note = "{\circledC} The Author(s) 2018. This article is distributed under the terms of the Creative Commons Attribution 4.0 International License (http://creativecommons.org/licenses/by/4.0/), which permits unrestricted use, distribution, and reproduction in any medium, provided you give appropriate credit to the original author(s) and the source, provide a link to the Creative Commons license, and indicate if changes were made.",
year = "2018",
month = "12",
day = "1",
doi = "10.1007/s40804-018-0111-9",
language = "English",
volume = "19",
pages = "853–882",
number = "4",

}

The legal framework for financial advertising : curbing behavioural exploitation. / Brenncke, Martin.

In: European Business Organization Law Review, Vol. 19, No. 4, 01.12.2018, p. 853–882.

Research output: Contribution to journalArticle

TY - JOUR

T1 - The legal framework for financial advertising

T2 - curbing behavioural exploitation

AU - Brenncke, Martin

N1 - © The Author(s) 2018. This article is distributed under the terms of the Creative Commons Attribution 4.0 International License (http://creativecommons.org/licenses/by/4.0/), which permits unrestricted use, distribution, and reproduction in any medium, provided you give appropriate credit to the original author(s) and the source, provide a link to the Creative Commons license, and indicate if changes were made.

PY - 2018/12/1

Y1 - 2018/12/1

N2 - Policy makers and behavioural finance scholars express growing concern that marketing practices by financial institutions exploit retail investors’ behavioural biases. Investor protection regulation should thus address these marketing practices and include mechanisms curbing behavioural exploitation. That raises the question whether the marketing communications regime of the new Markets in Financial Instruments Directive can live up to this demand. This article develops a regulatory model that integrates behavioural finance insights into the new marketing communications regime. It then determines how regulatory authorities can apply this model when they interpret and apply specific regulatory requirements. It demonstrates how a regulatory authority or a court can translate empirical behavioural finance research findings into legal arguments when assessing whether marketing practices can significantly distort a model investor’s decision-making process. The article further establishes that the detailed requirements imposed on investment firms by the new Markets in Financial Instruments Directive are necessary in order to protect investors from behavioural exploitation. Finally, the article submits policy proposals that aim to protect investors more effectively from behavioural exploitation.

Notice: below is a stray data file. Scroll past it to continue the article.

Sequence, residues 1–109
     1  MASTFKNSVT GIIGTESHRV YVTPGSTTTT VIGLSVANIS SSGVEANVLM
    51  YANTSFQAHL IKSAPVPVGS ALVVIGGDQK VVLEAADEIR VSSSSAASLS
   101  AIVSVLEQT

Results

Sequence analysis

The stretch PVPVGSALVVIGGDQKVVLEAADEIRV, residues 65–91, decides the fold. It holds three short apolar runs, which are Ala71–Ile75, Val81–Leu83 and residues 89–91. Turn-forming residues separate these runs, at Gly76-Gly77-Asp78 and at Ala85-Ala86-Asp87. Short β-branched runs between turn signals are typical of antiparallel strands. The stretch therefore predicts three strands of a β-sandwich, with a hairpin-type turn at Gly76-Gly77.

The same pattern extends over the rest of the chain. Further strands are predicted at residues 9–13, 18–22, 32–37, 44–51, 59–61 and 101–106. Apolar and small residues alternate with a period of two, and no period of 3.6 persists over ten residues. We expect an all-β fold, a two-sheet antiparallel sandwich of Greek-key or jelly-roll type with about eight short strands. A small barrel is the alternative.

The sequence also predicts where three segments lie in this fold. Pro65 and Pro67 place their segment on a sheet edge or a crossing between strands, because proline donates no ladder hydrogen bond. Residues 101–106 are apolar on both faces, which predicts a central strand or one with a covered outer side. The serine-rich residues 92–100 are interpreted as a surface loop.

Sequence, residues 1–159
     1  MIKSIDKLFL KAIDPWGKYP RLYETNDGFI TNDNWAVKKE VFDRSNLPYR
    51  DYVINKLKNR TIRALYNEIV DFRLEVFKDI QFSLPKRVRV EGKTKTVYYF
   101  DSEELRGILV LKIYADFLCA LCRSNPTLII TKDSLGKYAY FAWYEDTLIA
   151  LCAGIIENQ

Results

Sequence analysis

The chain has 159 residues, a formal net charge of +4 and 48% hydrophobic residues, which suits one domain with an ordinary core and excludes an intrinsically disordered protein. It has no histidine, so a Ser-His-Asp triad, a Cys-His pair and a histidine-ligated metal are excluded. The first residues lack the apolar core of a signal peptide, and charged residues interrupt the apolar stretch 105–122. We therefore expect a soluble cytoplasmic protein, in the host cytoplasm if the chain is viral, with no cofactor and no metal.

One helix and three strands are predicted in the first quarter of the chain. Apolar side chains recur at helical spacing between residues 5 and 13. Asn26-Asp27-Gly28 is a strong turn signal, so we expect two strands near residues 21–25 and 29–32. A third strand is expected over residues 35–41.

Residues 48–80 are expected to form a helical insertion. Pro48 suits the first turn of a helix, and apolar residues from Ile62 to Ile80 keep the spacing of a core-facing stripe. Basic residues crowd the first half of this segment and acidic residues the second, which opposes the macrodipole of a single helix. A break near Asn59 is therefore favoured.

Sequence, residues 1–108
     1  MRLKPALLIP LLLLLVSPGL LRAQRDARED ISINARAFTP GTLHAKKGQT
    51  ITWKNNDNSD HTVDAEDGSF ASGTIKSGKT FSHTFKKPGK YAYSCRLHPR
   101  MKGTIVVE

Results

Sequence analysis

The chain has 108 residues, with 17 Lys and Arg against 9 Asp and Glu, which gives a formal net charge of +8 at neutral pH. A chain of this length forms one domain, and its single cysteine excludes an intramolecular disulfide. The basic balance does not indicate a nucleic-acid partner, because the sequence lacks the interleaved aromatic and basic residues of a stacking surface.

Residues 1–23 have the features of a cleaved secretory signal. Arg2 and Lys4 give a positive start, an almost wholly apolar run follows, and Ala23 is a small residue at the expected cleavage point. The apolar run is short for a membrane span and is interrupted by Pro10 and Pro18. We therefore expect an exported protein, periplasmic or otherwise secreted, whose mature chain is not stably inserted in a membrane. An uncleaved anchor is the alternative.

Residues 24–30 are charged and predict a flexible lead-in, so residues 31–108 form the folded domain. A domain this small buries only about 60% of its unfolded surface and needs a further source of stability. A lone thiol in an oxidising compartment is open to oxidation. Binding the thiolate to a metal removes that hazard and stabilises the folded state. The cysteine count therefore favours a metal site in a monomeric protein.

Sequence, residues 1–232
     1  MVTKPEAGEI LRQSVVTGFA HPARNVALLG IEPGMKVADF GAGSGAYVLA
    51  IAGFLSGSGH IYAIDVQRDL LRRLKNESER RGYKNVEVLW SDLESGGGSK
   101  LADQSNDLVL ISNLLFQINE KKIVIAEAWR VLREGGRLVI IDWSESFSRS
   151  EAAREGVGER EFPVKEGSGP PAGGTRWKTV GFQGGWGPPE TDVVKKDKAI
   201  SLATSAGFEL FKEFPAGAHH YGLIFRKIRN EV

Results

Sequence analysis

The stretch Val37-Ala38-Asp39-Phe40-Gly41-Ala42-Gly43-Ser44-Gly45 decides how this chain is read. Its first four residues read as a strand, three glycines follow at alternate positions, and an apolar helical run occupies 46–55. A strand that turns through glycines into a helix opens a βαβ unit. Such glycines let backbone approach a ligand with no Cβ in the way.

AB - Policy makers and behavioural finance scholars express growing concern that marketing practices by financial institutions exploit retail investors’ behavioural biases. Investor protection regulation should thus address these marketing practices and include mechanisms curbing behavioural exploitation. That raises the question whether the marketing communications regime of the new Markets in Financial Instruments Directive can live up to this demand. This article develops a regulatory model that integrates behavioural finance insights into the new marketing communications regime. It then determines how regulatory authorities can apply this model when they interpret and apply specific regulatory requirements. It demonstrates how a regulatory authority or a court can translate empirical behavioural finance research findings into legal arguments when assessing whether marketing practices can significantly distort a model investor’s decision-making process. The article further establishes that the detailed requirements imposed on investment firms by the new Markets in Financial Instruments Directive are necessary in order to protect investors from behavioural exploitation. Finally, the article submits policy proposals that aim to protect investors more effectively from behavioural exploitation.

KW - advertising

KW - marketing

KW - behavioural finance

KW - behavioural exploitation

KW - MiFID II

KW - investor protection

UR - https://link.springer.com/article/10.1007/s40804-018-0111-9

U2 - 10.1007/s40804-018-0111-9

DO - 10.1007/s40804-018-0111-9

M3 - Article

VL - 19

SP - 853

EP - 882

IS - 4

ER -